If dreams are the road to the unconscious, as Sigmund Freud famously proclaimed, drawing may be a way to reconnect to the dream content. Dreams – blurry reminiscences, which often seem meaningless and tend to fade away shortly after awakening – might be brought back through the drawing process. A manifestation of such resurfacing unconscious is Meret Oppenheim’s Taureau transportant une stèle (1933), a beautifully-executed aquarelle of a bull carrying a green stele with a golden finish, obviously alluding to a phallus. This is just one among manifold examples at Thessa Herold’s surrealist display for this year’s Salon Du Dessin. Can any other artistic medium compete with the spontaneous and intuitive way in which a drawing captures the resurfacing unconscious?
The Salon Du Dessin, which annually takes place in the Parisian spring season since 1991, offers diverse opportunities for getting to know artists on a much more intimate level, which may be concealed in their other works. A heavily laboured and re-worked painting certainly does not allow for the intuitiveness of drawing.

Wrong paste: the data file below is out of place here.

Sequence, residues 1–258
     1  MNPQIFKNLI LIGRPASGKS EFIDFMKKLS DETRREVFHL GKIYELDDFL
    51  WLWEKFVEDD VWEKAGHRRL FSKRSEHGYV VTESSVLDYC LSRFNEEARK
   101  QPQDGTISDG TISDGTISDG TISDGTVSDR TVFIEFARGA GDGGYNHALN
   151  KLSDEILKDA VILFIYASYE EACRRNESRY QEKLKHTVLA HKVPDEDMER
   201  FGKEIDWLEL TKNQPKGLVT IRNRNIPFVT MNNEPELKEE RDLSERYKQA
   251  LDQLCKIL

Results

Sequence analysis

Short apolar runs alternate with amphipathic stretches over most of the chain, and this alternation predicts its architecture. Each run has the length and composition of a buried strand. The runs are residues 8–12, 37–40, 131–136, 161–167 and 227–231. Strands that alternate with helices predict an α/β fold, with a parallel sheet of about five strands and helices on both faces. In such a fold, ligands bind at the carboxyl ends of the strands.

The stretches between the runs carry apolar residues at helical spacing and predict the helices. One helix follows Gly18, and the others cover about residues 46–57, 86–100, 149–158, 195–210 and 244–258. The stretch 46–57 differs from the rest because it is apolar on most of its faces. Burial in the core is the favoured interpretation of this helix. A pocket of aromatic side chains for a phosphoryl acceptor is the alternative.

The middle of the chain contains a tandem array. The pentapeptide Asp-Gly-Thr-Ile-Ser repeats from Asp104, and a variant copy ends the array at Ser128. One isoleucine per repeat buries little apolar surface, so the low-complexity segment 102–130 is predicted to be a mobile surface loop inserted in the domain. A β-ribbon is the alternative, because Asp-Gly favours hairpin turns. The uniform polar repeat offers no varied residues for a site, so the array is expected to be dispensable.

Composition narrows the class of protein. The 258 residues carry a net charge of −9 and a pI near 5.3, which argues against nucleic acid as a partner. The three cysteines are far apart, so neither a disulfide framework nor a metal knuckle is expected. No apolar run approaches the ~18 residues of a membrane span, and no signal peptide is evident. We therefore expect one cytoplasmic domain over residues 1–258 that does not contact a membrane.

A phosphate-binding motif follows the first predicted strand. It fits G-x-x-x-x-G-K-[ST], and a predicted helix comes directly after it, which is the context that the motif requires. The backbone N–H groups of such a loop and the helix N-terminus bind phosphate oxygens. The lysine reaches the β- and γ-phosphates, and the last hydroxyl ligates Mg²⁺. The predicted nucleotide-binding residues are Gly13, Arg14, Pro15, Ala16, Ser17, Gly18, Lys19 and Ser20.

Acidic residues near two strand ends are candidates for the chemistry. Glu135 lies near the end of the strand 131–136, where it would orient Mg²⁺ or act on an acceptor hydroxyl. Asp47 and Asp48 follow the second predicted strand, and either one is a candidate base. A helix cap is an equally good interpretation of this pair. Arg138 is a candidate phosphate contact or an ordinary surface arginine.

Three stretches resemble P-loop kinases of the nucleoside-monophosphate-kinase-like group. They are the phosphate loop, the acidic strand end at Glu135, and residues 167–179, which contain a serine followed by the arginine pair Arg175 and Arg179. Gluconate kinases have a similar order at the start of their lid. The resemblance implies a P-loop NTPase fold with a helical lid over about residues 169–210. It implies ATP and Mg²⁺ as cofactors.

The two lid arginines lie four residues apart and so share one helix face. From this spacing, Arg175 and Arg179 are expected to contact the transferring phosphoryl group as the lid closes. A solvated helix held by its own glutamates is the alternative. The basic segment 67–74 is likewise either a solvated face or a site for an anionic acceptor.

An especially intimate example is Mary Cassatt’s Mère et enfant (1898/99), a pastel and chalk drawing capturing the loving union between a mother and her child, in which the nutured infant seems to glow and blossom in colour. The way in which Cassatt renders the mother merely in chalk lines intimates how mothers would often give away everything they possess for the benefit of their children.
Élisabeth Vigée Le Brun Study for the Head of Madonna and Child renders the saint as an approachable earthly woman, who gazes down on us with tired eyelids. Her slightly undone hair that falls on her shoulder evokes parallels to Le Brun’s self-portrait at London’s National Gallery. In her self-portrait, the artist’s hair appears similarly tousled under her straw hat than Mary’s escaping strands of hair.
Whilst most contemporary drawings are to be found at Drawing Now, the sister fair of the Salon Du Dessin which takes place at the Carreau Du Temple in the Marais, a tiny section of the Salon is dedicated to contemporary drawing, where the three shortlisted artists for ‘The Daniel & Florence Guerlain Foundation Prize for Contemporary Drawing’ exhibit. One of them is the London-based Tomma Abts who emphasised the force of the spontaneity of drawing in a recent interview: ‘I like this spontaneity and when I do happen to begin works with a more precise idea in mind, this proves to be less interesting because what matters to me is the moment when the movement appears in the work.’
This year’s Salon Du Dessin certainly offered plenty of these moments of drawing intuitions.